Background and Objectives: A previously published study of antiretroviral pharmacokinetics in the female genital tract of HIV-infected women demonstrated differing degrees of female genital tract penetration among antiretrovirals. These blood plasma (BP) and cervicovaginal fluid (CVF) data were co-modelled for four antiretrovirals with varying CVF exposures. Methods: Six paired BP and CVF samples were collected over 24 h, and antiretroviral concentrations determined using validated liquid chromatography (LC) with UV detection or LC-mass spectrometry analytical methods. For each antiretroviral, a BP model was fit using Bayesian estimation (ADAPT5), followed by addition of a CVF model. The final model was chosen based on graphical and statistical output, and then non-linear mixed-effects modelling using S-ADAPT was performed. Population mean parameters and their variability are reported. Model-predicated area under the concentration-time curve during the dosing interval (AUCτ) and exposure ratios of CVF AUCτ:BP AUCτ were calculated for each drug. Results: The base model uses first-order absorption with a lag time, a two-compartment model, and a series of transit compartments that transfer the drug from BP to CVF. Protein-unbound drug transfers into CVF for efavirenz and atazanavir; total drug transfers for lamivudine and tenofovir. CVF follows a one-compartment model for efavirenz and atazanavir, and a two-compartment model for lamivudine and tenofovir. As expected, inter-individual variability was high. Model-predicted CVF AUC τ:BP AUCτ ratios are consistent with published results. Conclusions: This is the first pharmacokinetic modelling of antiretroviral disposition in BP and CVF. These models will be further refined with tissue data, and used in clinical trials simulations to inform future studies of HIV pre-exposure prophylaxis in women.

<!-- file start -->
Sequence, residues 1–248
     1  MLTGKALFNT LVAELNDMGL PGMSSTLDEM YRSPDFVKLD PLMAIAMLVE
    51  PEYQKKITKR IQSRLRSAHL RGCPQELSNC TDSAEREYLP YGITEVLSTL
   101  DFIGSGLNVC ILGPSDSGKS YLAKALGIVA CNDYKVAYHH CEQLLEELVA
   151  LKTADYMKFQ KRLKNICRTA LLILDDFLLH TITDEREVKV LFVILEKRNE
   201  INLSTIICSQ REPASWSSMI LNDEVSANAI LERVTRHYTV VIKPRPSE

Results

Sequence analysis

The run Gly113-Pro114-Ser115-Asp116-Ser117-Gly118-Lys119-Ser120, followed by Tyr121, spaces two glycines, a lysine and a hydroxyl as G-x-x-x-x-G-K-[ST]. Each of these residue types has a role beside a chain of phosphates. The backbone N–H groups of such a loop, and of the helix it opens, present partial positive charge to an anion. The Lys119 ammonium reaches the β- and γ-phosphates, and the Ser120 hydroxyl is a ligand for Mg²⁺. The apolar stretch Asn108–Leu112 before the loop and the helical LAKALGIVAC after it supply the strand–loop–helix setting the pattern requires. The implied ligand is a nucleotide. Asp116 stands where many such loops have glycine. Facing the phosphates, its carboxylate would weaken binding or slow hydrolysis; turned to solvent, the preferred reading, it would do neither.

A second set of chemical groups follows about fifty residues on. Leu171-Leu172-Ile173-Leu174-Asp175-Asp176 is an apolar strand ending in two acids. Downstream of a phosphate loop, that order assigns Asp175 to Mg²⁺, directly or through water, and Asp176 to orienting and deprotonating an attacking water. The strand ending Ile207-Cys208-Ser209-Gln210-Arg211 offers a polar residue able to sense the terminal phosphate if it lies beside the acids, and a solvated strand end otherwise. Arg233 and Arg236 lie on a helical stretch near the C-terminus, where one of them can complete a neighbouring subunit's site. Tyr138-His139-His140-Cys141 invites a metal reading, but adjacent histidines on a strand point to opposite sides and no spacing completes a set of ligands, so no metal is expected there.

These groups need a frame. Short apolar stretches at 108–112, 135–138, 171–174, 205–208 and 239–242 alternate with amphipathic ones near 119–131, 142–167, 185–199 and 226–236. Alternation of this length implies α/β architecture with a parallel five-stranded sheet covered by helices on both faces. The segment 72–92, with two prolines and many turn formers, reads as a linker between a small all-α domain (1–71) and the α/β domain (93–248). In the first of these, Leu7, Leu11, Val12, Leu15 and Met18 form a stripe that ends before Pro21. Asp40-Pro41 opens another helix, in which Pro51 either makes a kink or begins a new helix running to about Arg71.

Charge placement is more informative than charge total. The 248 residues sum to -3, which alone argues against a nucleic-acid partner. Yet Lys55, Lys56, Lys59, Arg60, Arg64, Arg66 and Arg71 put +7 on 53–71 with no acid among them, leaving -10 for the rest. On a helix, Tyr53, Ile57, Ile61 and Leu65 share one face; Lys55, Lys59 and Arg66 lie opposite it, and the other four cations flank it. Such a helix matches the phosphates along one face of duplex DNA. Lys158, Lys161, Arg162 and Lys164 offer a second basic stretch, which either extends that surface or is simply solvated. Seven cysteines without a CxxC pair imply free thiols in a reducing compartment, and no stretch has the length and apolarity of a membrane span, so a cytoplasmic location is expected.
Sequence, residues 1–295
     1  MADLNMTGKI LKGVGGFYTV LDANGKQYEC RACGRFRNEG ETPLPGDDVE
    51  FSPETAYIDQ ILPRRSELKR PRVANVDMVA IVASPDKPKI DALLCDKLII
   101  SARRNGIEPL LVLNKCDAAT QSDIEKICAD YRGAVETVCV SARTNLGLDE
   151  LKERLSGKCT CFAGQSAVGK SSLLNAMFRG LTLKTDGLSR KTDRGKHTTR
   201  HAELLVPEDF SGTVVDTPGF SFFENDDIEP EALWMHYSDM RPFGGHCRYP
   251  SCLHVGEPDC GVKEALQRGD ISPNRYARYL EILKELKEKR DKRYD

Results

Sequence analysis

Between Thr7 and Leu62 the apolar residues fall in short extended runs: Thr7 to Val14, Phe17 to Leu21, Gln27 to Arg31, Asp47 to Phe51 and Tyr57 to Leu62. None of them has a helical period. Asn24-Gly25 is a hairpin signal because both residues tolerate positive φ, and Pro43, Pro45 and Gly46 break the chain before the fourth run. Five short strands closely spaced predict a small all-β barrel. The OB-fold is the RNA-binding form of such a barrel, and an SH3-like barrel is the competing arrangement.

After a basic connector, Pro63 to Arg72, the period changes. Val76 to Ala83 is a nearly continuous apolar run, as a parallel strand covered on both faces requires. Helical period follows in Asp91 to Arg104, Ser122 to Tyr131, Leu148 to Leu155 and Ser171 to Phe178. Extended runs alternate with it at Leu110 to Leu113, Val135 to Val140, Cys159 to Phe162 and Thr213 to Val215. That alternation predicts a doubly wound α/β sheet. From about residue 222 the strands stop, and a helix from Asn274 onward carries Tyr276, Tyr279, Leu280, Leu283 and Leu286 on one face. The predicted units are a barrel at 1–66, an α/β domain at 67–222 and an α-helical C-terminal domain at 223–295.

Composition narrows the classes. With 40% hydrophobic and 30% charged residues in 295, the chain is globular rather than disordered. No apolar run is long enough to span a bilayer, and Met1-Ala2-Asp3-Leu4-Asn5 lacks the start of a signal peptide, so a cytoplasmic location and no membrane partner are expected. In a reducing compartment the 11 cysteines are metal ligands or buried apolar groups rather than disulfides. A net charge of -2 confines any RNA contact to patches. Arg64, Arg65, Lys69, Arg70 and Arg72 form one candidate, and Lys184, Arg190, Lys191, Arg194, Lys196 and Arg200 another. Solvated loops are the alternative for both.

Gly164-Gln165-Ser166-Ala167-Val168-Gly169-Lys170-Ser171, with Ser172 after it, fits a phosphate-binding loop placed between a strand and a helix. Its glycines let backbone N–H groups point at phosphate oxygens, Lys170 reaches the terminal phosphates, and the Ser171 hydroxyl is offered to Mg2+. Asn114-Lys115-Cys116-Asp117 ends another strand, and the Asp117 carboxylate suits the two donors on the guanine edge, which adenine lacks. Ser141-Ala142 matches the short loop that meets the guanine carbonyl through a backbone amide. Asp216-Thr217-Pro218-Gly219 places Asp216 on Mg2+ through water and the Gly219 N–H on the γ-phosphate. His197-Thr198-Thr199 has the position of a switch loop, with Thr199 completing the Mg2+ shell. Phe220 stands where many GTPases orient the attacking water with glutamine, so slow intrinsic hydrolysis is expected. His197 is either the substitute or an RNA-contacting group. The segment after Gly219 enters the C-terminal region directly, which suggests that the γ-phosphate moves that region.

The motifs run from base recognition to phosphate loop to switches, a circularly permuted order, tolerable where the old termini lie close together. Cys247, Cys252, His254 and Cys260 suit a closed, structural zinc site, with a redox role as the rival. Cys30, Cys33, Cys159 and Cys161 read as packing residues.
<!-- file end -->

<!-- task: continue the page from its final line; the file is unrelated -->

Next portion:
Bibliographical noteFunding Information:
Conflict of interest A.D.M. Kashuba has received research funding and speaking honoraria from Bristol-Myers Squibb, Merck, Gilead and GlaxoSmithKline. K.B. Patterson has received research funding from GlaxoSmithKline. The other authors have no conflicts of interest that are directly relevant to the content of this study.
Acknowledgments The authors wish to thank the participating subjects, as well as the staff of the UNC Healthcare Infectious Disease Clinic for their assistance with recruitment. We also thank the nurses of the UNC CTRC for their assistance in conducting study visits. This work was presented in part at the 13th International Workshop on Clinical Pharmacology of HIV Therapy, 16–18 April 2012, Barcelona, Spain. Financial support for this work was provided by the UNC Center for AIDS Research (5P30AI050410-13—J.B. Dumond, K.B. Patterson, A.D.M. Kashuba), the NC TraCS Institute (UL1RR025747—J.B. Dumond) and the National Institute of Allergy and Infectious Diseases (K23AI093156—J.B. Du-mond; K23AI077355-KBP; K23AI54980—A.D.M. Kashuba; U01AI0 95031—A.D.M. Kashuba). These funding sources provided salary support and funds for research conduct, but did not have any input into study design, study analysis or reporting of study results.